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On the mighty Mississippi: Tulane University’s ByWater Institute

January 25, 2017 3:00 PM
 | 
Leslie Carde tulanemag@tulane.edu
  

The crescent of the Mississippi River that gave New Orleans its nickname winds into the sunset. (Photo by Jackson Hill)

 

Amble just a stone’s throw downriver of Mardi Gras World, upriver of the Crescent City Connection Bridge, on the East Bank of the mighty Mississippi River in New Orleans, and you’ll note a sleek, modernistic grey building with water-retention gardens in front.

Within the interestingly patterned walls of the new Tulane River and Coastal Center, remarkable things are happening: The crème de la crème of scientists are putting their heads together to solve the enormous problems of coastal restoration, in the wake of eroding wetlands and rising seas, in Louisiana. 

The River and Coastal Center is a new $5.5 million, 5,500-square-foot facility on the riverfront campus. The center is a component of the newly established ByWater Institute, bringing together researchers from across the university to address how to negotiate water’s peril and promise.

“There was a poignant silver lining to the catastrophe, not in an environmental sense, but in that it accelerated our efforts to move this project forward.”

Mike Blum, director of the ByWater Institute

“The idea [for a riverfront campus initiative] was hatched in the early 2000s,” said Mike Blum, associate professor of ecology and evolutionary biology, Eugenie Schwartz Professor of River and Coastal Studies and director of the ByWater Institute, “when it was referred to as the RiverSphere Initiative, which envisioned a campus dedicated to merging the arts with science and engineering. But Katrina waylaid the project for many years.”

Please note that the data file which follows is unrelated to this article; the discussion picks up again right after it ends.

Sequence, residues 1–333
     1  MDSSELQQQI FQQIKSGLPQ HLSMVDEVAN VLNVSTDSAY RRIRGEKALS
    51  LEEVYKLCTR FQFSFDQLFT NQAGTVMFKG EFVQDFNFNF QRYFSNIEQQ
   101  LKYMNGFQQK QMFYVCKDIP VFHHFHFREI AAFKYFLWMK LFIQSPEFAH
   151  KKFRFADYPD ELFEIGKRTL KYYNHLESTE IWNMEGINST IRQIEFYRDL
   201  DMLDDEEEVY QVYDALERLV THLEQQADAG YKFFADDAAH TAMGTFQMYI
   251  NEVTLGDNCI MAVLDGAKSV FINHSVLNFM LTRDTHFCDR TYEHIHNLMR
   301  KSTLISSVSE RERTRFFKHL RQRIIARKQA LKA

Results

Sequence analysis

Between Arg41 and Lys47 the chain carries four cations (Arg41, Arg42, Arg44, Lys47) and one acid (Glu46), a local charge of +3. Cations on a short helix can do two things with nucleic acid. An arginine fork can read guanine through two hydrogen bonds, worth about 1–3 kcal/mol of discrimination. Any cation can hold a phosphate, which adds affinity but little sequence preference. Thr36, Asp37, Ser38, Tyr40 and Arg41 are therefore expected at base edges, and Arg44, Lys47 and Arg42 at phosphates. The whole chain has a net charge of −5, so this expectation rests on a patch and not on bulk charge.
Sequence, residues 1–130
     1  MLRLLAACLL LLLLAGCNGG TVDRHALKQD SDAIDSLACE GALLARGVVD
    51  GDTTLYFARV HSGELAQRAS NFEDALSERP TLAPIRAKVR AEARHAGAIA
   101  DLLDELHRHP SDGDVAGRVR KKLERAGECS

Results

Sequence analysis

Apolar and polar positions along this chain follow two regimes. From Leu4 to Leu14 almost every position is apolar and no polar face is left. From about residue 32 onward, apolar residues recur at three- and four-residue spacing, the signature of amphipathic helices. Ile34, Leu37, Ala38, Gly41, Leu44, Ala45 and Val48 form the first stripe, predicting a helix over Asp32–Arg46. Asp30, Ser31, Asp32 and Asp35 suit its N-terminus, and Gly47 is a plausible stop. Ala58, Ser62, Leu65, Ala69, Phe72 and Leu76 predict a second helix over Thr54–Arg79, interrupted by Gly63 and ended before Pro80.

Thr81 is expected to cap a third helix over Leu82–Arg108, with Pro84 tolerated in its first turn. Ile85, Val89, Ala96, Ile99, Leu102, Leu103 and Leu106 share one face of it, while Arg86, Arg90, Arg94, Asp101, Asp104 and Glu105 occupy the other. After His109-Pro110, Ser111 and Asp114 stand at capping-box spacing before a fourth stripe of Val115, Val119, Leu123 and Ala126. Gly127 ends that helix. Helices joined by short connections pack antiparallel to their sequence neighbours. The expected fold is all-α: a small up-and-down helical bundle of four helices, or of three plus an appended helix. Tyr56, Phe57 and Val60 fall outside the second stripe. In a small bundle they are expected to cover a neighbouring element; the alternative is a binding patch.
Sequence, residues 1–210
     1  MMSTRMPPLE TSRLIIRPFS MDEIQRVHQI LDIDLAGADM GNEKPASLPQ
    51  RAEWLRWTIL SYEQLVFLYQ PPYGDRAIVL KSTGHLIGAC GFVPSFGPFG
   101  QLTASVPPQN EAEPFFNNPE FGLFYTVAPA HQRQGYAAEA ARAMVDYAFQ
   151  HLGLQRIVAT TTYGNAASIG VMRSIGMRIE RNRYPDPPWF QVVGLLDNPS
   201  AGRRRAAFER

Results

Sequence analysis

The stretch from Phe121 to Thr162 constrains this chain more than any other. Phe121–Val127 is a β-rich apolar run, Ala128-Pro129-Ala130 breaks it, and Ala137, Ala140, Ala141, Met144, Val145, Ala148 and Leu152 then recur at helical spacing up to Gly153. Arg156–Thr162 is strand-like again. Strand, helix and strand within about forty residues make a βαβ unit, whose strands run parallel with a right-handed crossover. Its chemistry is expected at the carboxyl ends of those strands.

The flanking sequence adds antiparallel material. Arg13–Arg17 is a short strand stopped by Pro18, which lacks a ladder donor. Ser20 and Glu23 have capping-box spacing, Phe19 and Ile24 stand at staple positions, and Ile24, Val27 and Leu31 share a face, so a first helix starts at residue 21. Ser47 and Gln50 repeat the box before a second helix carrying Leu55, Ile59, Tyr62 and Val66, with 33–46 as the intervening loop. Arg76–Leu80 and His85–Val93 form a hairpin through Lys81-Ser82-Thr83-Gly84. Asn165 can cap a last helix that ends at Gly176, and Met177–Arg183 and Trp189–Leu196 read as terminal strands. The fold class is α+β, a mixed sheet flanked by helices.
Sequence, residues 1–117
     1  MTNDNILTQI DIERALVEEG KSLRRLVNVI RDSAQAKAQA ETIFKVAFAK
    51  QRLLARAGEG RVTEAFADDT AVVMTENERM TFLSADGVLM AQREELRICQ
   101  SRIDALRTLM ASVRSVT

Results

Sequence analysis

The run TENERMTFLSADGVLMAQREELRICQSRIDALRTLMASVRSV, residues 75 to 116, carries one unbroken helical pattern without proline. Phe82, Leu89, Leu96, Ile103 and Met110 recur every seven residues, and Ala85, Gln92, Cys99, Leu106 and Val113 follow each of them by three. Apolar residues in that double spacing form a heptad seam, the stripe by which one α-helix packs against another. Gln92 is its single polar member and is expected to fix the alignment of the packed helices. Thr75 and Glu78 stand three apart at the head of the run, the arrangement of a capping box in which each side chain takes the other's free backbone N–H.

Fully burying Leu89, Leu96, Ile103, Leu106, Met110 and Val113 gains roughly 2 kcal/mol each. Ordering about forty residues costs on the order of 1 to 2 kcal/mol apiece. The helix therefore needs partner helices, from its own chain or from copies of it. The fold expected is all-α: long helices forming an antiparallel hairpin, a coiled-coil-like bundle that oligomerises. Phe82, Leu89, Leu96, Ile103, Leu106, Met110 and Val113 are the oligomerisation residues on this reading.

As the city recovered from the 2005 Katrina flooding, momentum for the riverfront initiative slowly picked up steam. Efforts shifted to address promising opportunities for economic development in the region, with an initial focus on establishing a test facility for river turbine technology for hydroelectric energy production.

But the initiative pivoted to focus on coastal protection and restoration to support implementation of the Louisiana State Master Plan in the aftermath of the Deepwater Horizon disaster, the nation’s worst offshore oil spill, in 2010.

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This story originally appeared in the December 2016 issue of Tulane magazine.